Yael Flusberg




                 WHERE SHE LIES IN STATE

                                 The only tired I was, was tired of giving in.

                                                                    Rosa Parks  


  after the first three hours

  the temperature dropped to visible breath.

  my fall coat no longer protected and my toes

  went numb so i tried to transcend time

  by thumbing a rose quartz bracelet

  each bead proof of my will to persist,

  and i finally got why mom always said

  standing appels* for hours was a worse sentence

  than the death of her childhood.   


  in the muddy field where thousands of souls made solitary

  by the cold snaked around a makeshift fence,

  i found a handful of warmth, a single ruby glove.   


  i practiced standing meditation following the ringing

  in my ears to keep my mind from wondering why

  i was on this line, not in my down-covered bed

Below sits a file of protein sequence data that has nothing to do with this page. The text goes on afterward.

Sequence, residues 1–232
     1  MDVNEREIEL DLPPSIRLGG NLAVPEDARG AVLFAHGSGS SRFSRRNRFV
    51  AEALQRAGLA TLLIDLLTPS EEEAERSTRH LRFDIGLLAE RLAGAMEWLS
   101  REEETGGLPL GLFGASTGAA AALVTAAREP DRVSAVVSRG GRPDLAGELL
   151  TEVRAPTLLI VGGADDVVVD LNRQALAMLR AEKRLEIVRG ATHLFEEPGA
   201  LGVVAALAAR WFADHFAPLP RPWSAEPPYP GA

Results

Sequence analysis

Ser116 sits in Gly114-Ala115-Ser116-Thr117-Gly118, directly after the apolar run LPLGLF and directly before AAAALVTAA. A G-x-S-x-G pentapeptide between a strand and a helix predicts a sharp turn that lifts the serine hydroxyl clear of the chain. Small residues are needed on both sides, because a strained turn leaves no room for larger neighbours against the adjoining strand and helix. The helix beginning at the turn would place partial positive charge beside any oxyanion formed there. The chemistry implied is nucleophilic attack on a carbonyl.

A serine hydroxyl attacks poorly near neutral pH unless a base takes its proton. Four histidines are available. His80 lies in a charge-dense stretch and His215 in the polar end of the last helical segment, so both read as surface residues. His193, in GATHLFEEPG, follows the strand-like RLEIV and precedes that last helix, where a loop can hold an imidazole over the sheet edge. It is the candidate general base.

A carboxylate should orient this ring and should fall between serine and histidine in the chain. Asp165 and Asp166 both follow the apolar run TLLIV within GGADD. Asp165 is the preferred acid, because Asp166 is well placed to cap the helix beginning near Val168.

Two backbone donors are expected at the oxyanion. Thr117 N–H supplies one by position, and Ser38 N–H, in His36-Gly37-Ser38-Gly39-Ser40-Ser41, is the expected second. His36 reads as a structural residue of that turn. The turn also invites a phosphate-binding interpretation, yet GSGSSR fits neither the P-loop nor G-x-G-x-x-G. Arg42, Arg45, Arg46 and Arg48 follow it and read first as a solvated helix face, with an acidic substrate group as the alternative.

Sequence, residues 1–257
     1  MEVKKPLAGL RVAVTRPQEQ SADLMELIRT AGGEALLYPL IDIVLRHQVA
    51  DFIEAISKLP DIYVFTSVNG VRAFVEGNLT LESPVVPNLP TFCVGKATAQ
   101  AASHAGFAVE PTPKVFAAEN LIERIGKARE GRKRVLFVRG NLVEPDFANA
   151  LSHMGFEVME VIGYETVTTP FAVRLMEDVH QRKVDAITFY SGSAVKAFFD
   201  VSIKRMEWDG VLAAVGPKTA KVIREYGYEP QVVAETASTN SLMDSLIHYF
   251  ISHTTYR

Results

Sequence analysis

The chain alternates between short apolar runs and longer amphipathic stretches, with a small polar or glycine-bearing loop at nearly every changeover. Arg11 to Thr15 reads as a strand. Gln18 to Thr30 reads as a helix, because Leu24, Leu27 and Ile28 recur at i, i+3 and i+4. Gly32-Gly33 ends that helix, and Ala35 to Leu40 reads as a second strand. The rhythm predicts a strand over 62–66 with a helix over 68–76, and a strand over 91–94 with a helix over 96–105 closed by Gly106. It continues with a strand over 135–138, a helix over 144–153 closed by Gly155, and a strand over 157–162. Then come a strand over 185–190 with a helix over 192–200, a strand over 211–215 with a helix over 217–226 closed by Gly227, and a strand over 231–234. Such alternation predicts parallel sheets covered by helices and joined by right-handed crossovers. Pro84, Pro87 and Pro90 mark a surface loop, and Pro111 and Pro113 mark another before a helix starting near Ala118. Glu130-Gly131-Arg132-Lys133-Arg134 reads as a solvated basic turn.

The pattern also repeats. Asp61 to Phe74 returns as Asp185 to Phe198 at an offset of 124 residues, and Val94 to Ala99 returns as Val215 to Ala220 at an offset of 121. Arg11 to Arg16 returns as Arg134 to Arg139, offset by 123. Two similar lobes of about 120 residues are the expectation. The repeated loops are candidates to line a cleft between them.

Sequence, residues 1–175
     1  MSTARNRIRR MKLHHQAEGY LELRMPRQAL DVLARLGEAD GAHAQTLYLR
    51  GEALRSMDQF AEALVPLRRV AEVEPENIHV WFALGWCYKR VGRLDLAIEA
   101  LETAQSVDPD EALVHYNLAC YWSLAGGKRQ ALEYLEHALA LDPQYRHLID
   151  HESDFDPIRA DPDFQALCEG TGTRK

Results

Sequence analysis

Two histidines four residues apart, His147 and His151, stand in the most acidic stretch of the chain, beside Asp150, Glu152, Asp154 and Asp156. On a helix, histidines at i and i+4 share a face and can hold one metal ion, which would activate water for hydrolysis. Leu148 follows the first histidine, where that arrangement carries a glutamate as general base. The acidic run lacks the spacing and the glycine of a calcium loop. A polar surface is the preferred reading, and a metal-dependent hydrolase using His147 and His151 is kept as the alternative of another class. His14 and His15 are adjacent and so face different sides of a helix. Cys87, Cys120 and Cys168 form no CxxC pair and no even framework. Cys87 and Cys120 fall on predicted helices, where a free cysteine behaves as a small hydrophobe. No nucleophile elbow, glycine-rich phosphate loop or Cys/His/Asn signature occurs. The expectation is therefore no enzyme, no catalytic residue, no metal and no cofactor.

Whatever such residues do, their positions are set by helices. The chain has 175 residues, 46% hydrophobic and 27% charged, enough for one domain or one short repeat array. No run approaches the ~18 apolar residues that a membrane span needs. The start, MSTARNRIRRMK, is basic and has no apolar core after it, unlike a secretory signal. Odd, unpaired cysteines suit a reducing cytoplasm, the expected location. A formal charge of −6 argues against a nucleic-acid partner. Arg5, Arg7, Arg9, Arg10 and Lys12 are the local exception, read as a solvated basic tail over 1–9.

when i'd see the coffin just as well in the newspaper

  in the morning. each time i lifted my sole i knew

  i was one step closer to the dome with 108 windows

  like a rosary i could pray with my eyes.  


  it was dawn when i finally circulated once around

  the ceremonial space then down to the crypt below  

  where i begged that her being where she was

  would bless where she was laying—and all of us

  who'll never have moments like hers on the bus

  will still find something worth standing up for.  



  * In the Nazi concentration camps, inmates had to stand appels—

  a protracted roll call—twice a day regardless of weather or exhaustion.

  Some gave birth to babies buried on the spot. Many others dropped dead

  during the hours-long appels or were killed if they couldn't maintain an

  erect posture.



   (Originally posted April 27, 2008)


   To contact Yael Flusberg send an email to: Yael36@aol.com